This week we’re going to save a bundle making our own cleaning products and the best part is they’re absolutely, positively cruelty free. Not one bunny shed a tear making these ultra simple and vegan-friendly cleaning solutions. After kids were born, I got super crazy about chemicals in the house and suddenly realized I had been spraying death all around my house. Well, maybe not death, but serious respiratory irritation at the least. In the transition to all natural cleaners I was stunned at how expensive they could be compared to the traditional evil variety. Both are expensive, but JEEZ. So start saving all your old cleaning bottles and glass jars, or pick up a few new spray bottles at the old Target and we’ll make our own cleaners for a fraction of the price. And don’t forget to label your concoctions! You will forget what’s what and they all smell like vinegar. If the smell of vinegar is more than you can handle or you just want to jazz things up a bit, add some essential oils to the mix. Not only will they make your house smell just the best, but many have disinfecting properties as well. So let’s get busy, mix it up and clean it up!
Have a homemade cleaner you use? Share it with us!
- White Vinegar
- Rubbing Alcohol
- Baking Soda
- Hydrogen Peroxide
- Dish Soap
- Empty Spray Bottles
- Essential Oils
General Spray Cleaner for Kitchens and Bathrooms:
¼ c. vinegar + 1 ½ tbsp. lemon juice + 2 tsp. dish soap + ¾ c. warm water
Combine in a spray bottle and give it a good shake.
1 c. baking soda
Put baking soda in pan with about an inch or so of water. Boil for about 15 minutes and scrub once it’s cool. If the burnt is being particularly stubborn, make a baking soda paste and give it another good scrub. The baking soda paste scrub also works great on cast iron.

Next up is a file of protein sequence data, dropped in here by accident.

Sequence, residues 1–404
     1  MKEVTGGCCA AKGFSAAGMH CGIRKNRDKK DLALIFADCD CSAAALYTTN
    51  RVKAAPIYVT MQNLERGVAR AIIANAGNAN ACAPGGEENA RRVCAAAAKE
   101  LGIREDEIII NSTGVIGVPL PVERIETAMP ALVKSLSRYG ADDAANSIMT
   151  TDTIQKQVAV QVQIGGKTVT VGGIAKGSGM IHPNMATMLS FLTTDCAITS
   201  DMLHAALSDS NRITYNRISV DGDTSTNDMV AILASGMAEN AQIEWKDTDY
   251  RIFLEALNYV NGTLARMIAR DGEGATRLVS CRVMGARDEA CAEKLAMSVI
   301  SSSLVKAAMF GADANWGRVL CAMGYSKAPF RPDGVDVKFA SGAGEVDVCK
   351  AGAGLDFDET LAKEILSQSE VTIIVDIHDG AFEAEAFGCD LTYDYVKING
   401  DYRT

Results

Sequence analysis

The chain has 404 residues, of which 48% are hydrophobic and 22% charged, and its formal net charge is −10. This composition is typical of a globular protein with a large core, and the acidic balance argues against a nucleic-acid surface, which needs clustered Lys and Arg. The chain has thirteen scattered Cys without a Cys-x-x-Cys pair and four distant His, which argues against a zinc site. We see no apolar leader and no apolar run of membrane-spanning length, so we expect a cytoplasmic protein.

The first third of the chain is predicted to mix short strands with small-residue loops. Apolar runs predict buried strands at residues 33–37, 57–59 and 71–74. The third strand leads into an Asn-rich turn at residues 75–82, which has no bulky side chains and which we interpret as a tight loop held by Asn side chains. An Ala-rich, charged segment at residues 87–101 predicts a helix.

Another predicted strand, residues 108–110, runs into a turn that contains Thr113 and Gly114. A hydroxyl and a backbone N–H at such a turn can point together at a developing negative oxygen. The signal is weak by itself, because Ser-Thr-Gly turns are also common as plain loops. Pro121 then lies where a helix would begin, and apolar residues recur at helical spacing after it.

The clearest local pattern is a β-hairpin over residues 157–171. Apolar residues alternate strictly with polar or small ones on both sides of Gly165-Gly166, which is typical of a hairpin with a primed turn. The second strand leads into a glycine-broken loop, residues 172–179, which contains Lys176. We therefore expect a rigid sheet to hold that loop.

1 c. vinegar + 2 gallons hot water + 20+ drops essential oils
Mix it up in your sink or a big ol’ bucket. I like to use a bucket and rinse the mop in the sink between dips in the bucket. Seems to keep the whole deal a little tidier.
1 c. rubbing alcohol + 1 c. water + 1 tbsp. vinegar
Mix it up in a spray bottle and get to work!
Bathtub and Grout Cleaner:
Sprinkle wet tub with baking soda, rub it in so it makes a paste and let sit for 10-20 minutes. Scrub and rinse.
Mix 1 cup vinegar + ¼ c. baking soda. Pour into toilet bowl, let it sit for 15 minutes, scrub and rinse.
Upholstery and Carpet Spot Remover:
Dab with generous amount of hydrogen peroxide. Always test first in an inconspicuous place. I have a set of vintage wool upholstered dining room chairs. With two kids there were always dribbles — carrot juice, chocolate fingers, you name it. I take them outside, douse the spots in the hydrogen peroxided, wipe gently and let them dry in the sun. Good as new. AMAZING, but not tested on all fabric types, so be sure to do a test first. This also works well for cleaning white towels. Add some to you rinse cycle.
Clean Your Kitchen Sponges: